The Sony/ Zeiss 55mm f/1.8 Sonnar is the first native FE (Full frame E) I’ve tried on the a7R. This is not a particularly small lens, but it’s very light, and makes for a happy shoulder when mounted to the a7R body.
The first thing I did was check for falloff and color shift, with and without the internal shading correction enabled.
With no correction at f/2, there’s a reasonable amount of falloff but virtually no color cast:
When you turn on the shading correction, the corners are brightened somewhat, but not completely evened out as they are when you use Adobe Flat Field:
As you stop down further, the field evens out, and so does the correction. By the time you get to f/16, the two fields are virtually indistinguishable by just looking, although if you poke around with the eyedropper you can see some small differences..
I set up on the usual medium/long lens scene:
I focused the series presented here manually, but I did a series where I let the camera’s AF have its way with the focusing ring, and it was very close to as good, and probably more repeatable.
Manual focusing on the NEX-7 was an exercise in frustration because the focus-by-wire software wasn’t very good. There’s been a big improvement. In the a7R, the manual focusing isn’t as good as it is with the best old-fashioned helicoid lenses, but it’s not bad at all. It’s actually easier to focus the 55 f/1.8 than it is the Coastal Optical 60mm APO, because the focusing ring on the 60 is so sensitive; a tiny nudge makes a big difference — in its defense, it is a macro lens..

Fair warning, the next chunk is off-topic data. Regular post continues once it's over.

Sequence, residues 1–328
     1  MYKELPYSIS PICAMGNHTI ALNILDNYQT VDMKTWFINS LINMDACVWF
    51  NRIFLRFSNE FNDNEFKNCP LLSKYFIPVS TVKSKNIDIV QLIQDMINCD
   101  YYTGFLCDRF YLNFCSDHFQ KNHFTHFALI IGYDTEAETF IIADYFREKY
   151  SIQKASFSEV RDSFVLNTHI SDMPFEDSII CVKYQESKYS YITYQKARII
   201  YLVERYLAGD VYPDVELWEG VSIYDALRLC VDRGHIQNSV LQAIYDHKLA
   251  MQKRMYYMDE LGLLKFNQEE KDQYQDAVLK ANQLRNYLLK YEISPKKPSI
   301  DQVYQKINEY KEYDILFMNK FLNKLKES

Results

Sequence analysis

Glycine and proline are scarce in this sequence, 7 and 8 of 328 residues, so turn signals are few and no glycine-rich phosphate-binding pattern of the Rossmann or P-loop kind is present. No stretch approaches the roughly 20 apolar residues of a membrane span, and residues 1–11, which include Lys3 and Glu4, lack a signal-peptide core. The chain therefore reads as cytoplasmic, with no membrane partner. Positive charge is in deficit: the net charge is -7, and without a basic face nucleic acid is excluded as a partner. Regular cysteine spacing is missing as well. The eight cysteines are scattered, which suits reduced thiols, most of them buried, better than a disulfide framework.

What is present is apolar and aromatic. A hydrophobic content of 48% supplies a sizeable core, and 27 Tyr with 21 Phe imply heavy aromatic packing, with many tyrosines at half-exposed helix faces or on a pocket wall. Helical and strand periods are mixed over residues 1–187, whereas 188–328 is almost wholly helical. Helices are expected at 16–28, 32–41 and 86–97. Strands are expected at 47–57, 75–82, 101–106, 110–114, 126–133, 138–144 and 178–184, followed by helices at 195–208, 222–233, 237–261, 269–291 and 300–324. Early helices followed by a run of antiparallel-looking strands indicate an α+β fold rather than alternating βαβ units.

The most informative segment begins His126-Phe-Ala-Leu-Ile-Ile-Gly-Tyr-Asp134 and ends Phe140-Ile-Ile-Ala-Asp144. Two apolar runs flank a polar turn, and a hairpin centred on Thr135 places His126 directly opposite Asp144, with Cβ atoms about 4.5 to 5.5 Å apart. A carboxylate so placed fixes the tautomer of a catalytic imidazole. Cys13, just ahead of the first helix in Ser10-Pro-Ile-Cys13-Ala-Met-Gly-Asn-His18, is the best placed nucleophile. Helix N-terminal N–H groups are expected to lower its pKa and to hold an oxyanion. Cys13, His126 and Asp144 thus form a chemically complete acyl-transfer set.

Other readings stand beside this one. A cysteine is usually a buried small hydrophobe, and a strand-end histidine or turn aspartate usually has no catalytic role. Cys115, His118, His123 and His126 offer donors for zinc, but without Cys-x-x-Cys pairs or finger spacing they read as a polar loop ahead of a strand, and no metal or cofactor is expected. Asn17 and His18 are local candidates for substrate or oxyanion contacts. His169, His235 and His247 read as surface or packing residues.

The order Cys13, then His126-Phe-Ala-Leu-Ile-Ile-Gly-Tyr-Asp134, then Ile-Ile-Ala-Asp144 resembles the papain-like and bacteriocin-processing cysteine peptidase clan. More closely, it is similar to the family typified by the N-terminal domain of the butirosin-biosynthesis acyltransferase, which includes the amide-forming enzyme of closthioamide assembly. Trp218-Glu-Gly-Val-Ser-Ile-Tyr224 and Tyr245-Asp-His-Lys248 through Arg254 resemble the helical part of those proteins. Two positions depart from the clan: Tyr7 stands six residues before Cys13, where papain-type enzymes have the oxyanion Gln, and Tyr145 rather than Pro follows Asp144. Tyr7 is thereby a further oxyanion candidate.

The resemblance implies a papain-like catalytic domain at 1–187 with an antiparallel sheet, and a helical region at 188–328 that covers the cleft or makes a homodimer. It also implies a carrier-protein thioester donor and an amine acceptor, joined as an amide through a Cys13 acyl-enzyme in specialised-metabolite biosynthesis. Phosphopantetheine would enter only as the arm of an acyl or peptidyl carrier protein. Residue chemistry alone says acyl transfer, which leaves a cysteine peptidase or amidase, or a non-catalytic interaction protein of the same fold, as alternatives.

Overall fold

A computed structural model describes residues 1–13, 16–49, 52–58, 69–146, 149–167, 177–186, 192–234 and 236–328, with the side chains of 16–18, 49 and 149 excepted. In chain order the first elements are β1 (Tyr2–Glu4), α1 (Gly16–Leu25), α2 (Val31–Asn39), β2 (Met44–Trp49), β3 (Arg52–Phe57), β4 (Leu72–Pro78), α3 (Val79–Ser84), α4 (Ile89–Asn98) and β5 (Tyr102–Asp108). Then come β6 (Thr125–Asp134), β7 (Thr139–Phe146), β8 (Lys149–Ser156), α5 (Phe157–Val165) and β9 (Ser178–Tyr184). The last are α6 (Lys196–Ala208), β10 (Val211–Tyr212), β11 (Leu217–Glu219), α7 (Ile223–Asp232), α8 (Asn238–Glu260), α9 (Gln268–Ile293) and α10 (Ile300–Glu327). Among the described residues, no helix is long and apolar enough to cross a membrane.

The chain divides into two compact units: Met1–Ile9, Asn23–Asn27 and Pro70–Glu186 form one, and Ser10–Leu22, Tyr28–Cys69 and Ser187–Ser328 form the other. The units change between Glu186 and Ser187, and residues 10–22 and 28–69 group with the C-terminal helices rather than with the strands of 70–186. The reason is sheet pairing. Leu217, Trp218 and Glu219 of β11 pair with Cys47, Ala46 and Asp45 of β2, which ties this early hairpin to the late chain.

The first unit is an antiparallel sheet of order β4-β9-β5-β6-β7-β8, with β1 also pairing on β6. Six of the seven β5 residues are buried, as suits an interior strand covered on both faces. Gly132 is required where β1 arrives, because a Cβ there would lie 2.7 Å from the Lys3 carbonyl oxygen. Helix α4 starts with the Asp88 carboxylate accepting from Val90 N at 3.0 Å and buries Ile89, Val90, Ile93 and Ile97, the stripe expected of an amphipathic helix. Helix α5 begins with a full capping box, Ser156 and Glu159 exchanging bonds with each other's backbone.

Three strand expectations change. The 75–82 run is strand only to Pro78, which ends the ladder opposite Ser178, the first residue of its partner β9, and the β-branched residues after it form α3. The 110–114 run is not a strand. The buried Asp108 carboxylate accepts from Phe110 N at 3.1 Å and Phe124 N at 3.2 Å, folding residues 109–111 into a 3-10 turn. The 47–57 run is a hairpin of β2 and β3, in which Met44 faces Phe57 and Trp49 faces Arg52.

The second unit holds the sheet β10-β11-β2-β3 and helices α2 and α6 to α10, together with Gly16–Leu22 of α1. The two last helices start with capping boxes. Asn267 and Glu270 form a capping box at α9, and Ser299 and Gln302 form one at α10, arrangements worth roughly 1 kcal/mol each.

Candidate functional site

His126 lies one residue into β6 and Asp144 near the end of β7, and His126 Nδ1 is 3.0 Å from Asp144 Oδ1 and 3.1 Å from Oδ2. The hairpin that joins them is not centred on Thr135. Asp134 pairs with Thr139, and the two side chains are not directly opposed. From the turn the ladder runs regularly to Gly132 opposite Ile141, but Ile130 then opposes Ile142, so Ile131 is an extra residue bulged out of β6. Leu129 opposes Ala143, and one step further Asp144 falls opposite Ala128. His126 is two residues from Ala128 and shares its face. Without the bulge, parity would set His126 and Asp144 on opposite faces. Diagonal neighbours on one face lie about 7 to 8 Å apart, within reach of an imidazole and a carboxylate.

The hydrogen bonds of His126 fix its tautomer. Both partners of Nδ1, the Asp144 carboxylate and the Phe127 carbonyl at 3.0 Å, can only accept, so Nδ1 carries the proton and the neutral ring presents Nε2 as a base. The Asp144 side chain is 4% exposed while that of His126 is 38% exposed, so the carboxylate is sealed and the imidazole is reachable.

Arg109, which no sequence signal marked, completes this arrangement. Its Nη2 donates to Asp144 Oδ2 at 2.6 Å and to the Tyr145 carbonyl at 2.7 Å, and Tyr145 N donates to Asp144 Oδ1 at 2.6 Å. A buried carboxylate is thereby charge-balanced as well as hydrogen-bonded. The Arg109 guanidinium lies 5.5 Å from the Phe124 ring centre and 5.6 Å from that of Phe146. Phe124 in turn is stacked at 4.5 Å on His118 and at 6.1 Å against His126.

In the center, at f/2 and 1:1, sharpness is really impressive considering the aperture:
At f/2.8, there is significant improvement in both sharpness and contrast:
f/4 is a little better, and f/5.6 is as good as it gets: and that’s really good:
f/8 is slightly softer than f/4, f/11 is as soft as f/2, and f/16 is softer still.
In the upper left corner, there is only a small amount of chromatic aberration, and I had the in-camera CA corrections turned off. It’s a little soft, but considering the aperture, it’s great. Here it is at 1:1:
Contrast and sharpness improve at f/2.8, and again at f/4. It’s even better at f/5.6:
At f/8, it’s about the same. F/11 is a bit softer, and f/16 has the sharpness of halfway between f/2.8 and f/4.
Compared to the Coastal Optical 60mm f/4 APO, in the center, the 55mm is slightly sharper at f/4, and about the same at f/5.6. The 60mm is slightly sharper at f/8 through f/16.
In the upper right corner, the Sony/Zeiss lens is night-and day sharper at f/4 and f/5.6. It somewhat sharper at f/8, a bit sharper at f/11 and about the same at f/16.
Maybe the focus was a little bit better with the Sony/Zeiss lens since I could focus at f/1.8, and I couldn’t focus the Coastal Optical lens any wider than f/4. Maybe I got a really good example of the 55 mm lens. Still, the differences in the corners between this kilobuck lens and one that costs five times as much are truly impressive.
This is a great lens for corner-to-corner sharpness. For the price, it’s flat amazing.